nerc.ac.uk

Identifying priorities for nutrient mitigation using river concentration-flow relationships: the Thames basin, UK

Bowes, Michael J.; Jarvie, Helen P.; Naden, Pamela S.; Old, Gareth H.; Scarlett, Peter M.; Roberts, Colin; Armstrong, Linda K.; Harman, Sarah A.; Wickham, Heather D.; Collins, Adrian L.. 2014 Identifying priorities for nutrient mitigation using river concentration-flow relationships: the Thames basin, UK. Journal of Hydrology, 517. 1-12. https://doi.org/10.1016/j.jhydrol.2014.03.063

Before downloading, please read NORA policies.
[img]
Preview
Text
N505198PP.pdf - Accepted Version

Download (1MB) | Preview

Abstract/Summary

The introduction of tertiary treatment to many of the sewage treatment works (STW) across the Thames basin in southern England has resulted in major reductions in river phosphorus (P) concentrations. Despite this, excessive phytoplankton growth is still a problem in the River Thames and many of its tributaries. There is an urgent need to determine if future resources should focus on P removal from the remaining STW, or on reducing agricultural inputs, to improve ecological status. Nutrient concentration-flow relationships for monitoring sites along the River Thames and 15 of its major tributaries were used to estimate the relative inputs of phosphorus and nitrogen from continuous (sewage point sources) and rain-related (diffuse and within-channel) sources, using the Load Apportionment Model (LAM). The model showed that diffuse sources and remobilisation of within-channel phosphorus contributed the majority of the annual P load at all monitoring sites. However, the majority of rivers in the Thames basin are still dominated by STW P inputs during the ecologically-sensitive spring-autumn growing season. Therefore, further STW improvements would be the most effective way of improving water quality and ecological status along the length of the River Thames, and 12 of the 15 tributaries. The LAM outputs were in agreement with other indicators of sewage input, such as sewered population density, phosphorus speciation and boron concentration. The majority of N inputs were from diffuse sources, and LAM suggests that introducing mitigation measures to reduce inputs from agriculture and groundwater would be most appropriate for all but one monitoring site in this study. The utilisation of nutrient concentration-flow data and LAM provide a simple, rapid and effective screening tool for determining nutrient sources and most effective mitigation options.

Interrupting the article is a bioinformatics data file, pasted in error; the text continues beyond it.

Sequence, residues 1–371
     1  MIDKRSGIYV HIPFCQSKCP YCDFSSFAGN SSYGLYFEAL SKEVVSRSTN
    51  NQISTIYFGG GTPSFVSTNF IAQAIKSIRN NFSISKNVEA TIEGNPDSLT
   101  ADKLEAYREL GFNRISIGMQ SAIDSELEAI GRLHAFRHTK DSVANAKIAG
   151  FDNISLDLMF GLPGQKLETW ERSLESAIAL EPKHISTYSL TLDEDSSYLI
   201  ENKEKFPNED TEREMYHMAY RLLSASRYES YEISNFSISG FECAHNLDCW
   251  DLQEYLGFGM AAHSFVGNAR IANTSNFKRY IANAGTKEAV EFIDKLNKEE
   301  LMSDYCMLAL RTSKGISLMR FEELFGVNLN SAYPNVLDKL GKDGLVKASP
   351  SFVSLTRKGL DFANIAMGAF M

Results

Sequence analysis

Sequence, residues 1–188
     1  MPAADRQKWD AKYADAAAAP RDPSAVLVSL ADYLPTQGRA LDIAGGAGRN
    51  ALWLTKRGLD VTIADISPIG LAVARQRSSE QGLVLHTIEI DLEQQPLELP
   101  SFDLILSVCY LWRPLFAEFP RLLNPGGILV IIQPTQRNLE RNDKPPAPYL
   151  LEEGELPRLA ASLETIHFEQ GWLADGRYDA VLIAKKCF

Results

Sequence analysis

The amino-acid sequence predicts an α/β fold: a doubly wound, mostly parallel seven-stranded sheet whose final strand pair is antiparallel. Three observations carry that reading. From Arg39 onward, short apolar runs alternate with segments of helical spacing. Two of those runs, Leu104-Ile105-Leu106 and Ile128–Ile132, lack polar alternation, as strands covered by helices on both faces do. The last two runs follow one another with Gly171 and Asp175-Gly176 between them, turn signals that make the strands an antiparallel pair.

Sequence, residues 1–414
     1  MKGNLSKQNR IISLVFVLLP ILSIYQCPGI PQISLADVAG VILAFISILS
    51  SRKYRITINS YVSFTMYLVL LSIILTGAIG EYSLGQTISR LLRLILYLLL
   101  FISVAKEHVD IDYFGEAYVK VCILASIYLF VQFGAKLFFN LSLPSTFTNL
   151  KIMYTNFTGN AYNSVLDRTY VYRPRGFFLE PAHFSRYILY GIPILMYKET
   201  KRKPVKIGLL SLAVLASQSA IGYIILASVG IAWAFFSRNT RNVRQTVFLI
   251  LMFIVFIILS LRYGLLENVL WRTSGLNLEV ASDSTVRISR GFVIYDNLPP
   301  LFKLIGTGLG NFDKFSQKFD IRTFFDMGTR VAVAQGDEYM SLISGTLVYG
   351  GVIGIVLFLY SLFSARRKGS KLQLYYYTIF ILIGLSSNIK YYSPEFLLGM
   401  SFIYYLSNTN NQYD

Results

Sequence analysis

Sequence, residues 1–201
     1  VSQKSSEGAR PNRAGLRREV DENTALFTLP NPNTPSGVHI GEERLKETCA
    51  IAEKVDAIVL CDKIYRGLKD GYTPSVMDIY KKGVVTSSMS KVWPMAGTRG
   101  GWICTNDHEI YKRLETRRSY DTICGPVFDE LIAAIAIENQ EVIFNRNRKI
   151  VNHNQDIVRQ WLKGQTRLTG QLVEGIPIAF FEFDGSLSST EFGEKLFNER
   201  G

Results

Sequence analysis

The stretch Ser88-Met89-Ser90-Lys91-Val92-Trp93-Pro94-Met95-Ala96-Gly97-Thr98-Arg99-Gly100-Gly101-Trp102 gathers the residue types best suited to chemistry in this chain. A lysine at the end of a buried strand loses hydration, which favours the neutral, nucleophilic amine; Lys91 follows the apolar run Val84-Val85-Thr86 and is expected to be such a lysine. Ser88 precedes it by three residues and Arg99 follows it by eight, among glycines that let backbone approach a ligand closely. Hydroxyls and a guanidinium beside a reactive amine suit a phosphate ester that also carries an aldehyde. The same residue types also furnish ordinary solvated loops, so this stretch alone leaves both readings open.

Item Type: Publication - Article
Digital Object Identifier (DOI): https://doi.org/10.1016/j.jhydrol.2014.03.063
Programmes: CEH Topics & Objectives 2009 - 2012 > Water
CEH Topics & Objectives 2009 - 2012 > Water > WA Topic 3 - Science for Water Management > WA - 3.4 - Develop novel and improved methods to enable the sustainable management of freshwaters and wetlands
CEH Topics & Objectives 2009 - 2012 > Water > WA Topic 3 - Science for Water Management
CEH Sections/Science Areas: Acreman
Boorman (to September 2014)
ISSN: 0022-1694
Additional Keywords: phosphorus, nitrogen, load apportionment model, Thames Initiative, point source, diffuse source
NORA Subject Terms: Earth Sciences
Hydrology
Chemistry
Date made live: 14 Apr 2014 11:55 +0 (UTC)
URI: http://nora.nerc.ac.uk/id/eprint/505198

Actions (login required)

View Item View Item

Document Downloads

Downloads for past 30 days

Downloads per month over past year

More statistics for this item...